When Your Pot Use May Be a Problem
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When Your Pot Use May Be a Problem


This post was originally published on August 26, 2015.

If you ask me what’s the best way to tell if you have a drinking problem, I’ll suggest you ask yourself, “Is my drinking a problem?” The same goes with pot. It’s a problem if you tell yourself you’re not going to smoke it, and then you do. Or it gets in the way of doing stuff you want to do. Like, you don’t go out with your friends because you’d rather stay at home getting high. Or you plan on getting some writing done but instead “spend the day floating through the world in a weed haze.”

That last example comes from a writer named Kitty Gray. In a personal essay, Gray describes herself as a daily pot smoker for over a decade until she finally got honest about what she called her “psychological weed addiction.” It’s one of a series of refreshingly honest pieces for Vice on the subject of marijuana that reminds us that, in spite of the wave of decriminalization sweeping the country, some people ought to just say no to pot.

If you’re among the one in three Americans who have smoked pot in their lifetime, you already know marijuana’s effects. Pot increases your heart rate while slowing your reactions. It distorts your sense of time and can cause “random thinking.” Marijuana’s negative effects include memory impairment and mood disturbances including paranoia, anxiety and depression. One study found that when students who were regular marijuana smokers quit, their test scores went up, suggesting there may be some validity to at least some of the stereotypes we have about stoners.

These studies are pretty consistent with my own informal research. I never really liked the way weed made me feel, which is not to say I didn’t smoke it. If someone passed a joint, being the “more” girl that I am, I was not one to say no. Even though pot made me paranoid, sometimes acutely, I’d take a hit or two—or 12. When I smoked with friends, I always had this creeping fear that everyone I was with was secretly laughing at me. Like they could tell I was so high! and they were all judging me or maybe even angry, which always made me feel like I was on the verge of freaking out.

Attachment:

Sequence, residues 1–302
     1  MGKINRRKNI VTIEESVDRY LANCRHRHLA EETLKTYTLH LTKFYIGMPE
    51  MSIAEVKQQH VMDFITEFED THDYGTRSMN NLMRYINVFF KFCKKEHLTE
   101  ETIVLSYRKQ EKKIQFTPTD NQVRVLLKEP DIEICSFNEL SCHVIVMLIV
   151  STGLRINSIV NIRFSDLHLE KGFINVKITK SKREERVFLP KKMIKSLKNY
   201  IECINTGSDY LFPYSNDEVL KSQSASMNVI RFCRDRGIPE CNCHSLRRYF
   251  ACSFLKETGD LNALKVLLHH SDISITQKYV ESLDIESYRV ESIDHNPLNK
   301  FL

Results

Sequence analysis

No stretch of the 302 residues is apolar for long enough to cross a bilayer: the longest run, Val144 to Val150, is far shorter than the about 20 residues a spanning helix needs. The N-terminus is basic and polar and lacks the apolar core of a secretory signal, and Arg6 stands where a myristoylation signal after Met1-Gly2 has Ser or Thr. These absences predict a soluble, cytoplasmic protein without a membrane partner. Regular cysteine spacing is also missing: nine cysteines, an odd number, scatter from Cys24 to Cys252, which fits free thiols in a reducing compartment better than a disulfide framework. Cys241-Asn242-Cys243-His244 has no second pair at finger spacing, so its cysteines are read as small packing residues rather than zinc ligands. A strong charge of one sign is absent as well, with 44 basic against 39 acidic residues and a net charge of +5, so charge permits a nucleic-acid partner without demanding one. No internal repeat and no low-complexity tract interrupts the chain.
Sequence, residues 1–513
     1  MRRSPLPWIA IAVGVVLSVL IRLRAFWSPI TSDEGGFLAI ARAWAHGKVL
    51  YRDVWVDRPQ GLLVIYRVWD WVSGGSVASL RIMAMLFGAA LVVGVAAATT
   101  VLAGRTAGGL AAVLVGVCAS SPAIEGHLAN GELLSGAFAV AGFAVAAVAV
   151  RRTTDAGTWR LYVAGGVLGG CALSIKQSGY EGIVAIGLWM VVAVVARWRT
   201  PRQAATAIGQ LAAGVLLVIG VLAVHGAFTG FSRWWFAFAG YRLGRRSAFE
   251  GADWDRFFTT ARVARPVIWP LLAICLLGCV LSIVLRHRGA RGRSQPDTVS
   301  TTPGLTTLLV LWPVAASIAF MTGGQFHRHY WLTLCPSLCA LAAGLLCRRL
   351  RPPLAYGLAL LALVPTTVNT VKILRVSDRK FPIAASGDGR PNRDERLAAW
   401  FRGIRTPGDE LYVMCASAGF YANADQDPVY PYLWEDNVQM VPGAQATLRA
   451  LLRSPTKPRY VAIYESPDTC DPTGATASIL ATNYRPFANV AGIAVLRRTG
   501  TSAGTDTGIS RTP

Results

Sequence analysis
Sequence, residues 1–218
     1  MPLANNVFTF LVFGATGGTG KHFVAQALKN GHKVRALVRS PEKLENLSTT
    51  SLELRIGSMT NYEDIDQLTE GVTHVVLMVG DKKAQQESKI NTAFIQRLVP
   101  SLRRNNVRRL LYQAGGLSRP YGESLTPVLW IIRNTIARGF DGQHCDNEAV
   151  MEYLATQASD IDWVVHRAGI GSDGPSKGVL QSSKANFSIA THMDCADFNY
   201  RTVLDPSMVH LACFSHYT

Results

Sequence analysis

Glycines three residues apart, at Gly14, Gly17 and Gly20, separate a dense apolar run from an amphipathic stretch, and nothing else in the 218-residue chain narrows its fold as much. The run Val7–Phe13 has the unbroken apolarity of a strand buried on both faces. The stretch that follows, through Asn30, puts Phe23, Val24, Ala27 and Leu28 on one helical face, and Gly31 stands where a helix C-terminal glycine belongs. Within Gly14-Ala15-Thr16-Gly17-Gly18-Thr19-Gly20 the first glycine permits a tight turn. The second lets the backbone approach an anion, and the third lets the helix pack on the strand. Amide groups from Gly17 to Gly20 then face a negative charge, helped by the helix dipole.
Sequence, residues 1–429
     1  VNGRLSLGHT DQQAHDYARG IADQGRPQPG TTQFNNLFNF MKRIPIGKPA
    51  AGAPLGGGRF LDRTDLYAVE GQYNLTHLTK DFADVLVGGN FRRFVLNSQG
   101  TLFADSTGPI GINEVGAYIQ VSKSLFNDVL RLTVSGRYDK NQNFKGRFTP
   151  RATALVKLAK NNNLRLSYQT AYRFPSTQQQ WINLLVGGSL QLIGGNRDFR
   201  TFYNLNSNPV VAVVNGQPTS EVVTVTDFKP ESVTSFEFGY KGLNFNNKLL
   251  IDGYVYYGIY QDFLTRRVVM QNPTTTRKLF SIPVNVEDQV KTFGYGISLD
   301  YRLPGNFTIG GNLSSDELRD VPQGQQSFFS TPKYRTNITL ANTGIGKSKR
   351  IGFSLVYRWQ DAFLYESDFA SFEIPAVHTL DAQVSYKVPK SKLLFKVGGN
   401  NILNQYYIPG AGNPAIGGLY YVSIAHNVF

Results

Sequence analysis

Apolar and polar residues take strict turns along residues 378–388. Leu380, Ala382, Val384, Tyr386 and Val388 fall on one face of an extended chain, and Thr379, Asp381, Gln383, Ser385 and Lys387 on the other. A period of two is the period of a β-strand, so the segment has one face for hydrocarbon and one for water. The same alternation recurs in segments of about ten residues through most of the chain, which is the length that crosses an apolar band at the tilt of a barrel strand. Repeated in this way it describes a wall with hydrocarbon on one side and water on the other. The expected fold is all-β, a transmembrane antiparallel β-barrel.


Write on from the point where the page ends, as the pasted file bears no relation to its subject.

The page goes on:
Smoking pot while drinking, in particular, can be a recipe for disaster. On one memorable occasion, a friend and I were both stoned and drunk on our way home from a house party when he threw up out the taxi window. His explanation—“I shouldn’t have smoked that pot”—made perfect sense. Drinking and smoking made me dizzy and nauseous.

For the couple of months in college that I lived in London, I smoked pot the way people smoke cigarettes. Even though it made me feel lazy and depressed, it was something to do with time and my hands. Being high around others always made me uncomfortable and so, during the time I was a habitual pot smoker, I preferred smoking by myself. I became something of a shut-in, which, at the time, I blamed on the bleak London weather. Clearly, I now realize, my isolation had at least something to do with the pot. I smoked weed because I was anxious, but in retrospect it’s obvious that the marijuana made my depression and anxiety worse.

I have a close friend—we’ll call him Ned—who smokes about as much as I used to. He smokes morning, noon and night. Dude even takes pin-sized splifs with him to the office. I asked him how much he smokes and he says it depends on how much weed he has, which is usually a lot. He says his pot consumption costs him about $300 a month.

Does Ned have a problem? Does he need to get help? I can’t say. I know him professionally and I don’t think his work suffers, but then again, who knows? Who knows how he’d feel or who he’d be if he didn’t smoke marijuana. He started using when he was 15 and he’s spent his entire adult life more or less high.

Bottom line: Not everyone has the same experiences with weed. It’s like booze—some people can get away with drinking, and some of us can’t. And to be fair, I’d say pot’s a lot tamer than alcohol. It’s booze that is the leading cause of preventable deaths.

But even though pot might not kill you, it still has an effect. And for some of us, that effect is negative. If pot makes you act stupid and lazy, feel anxious, gain unwanted weight and get sick, why not quit?

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About Author

Melissa Petro is a freelance writer and writing instructor living in New York City. She has written for NY Magazine, The Guardian, Salon, The Daily Beast, The Huffington Post, Jezebel, xoJane, The Fix and elsewhere. She is the founder of Becoming Writers, a community organization that provides free and low cost memoir-writing workshops to new writers of all backgrounds and experiences.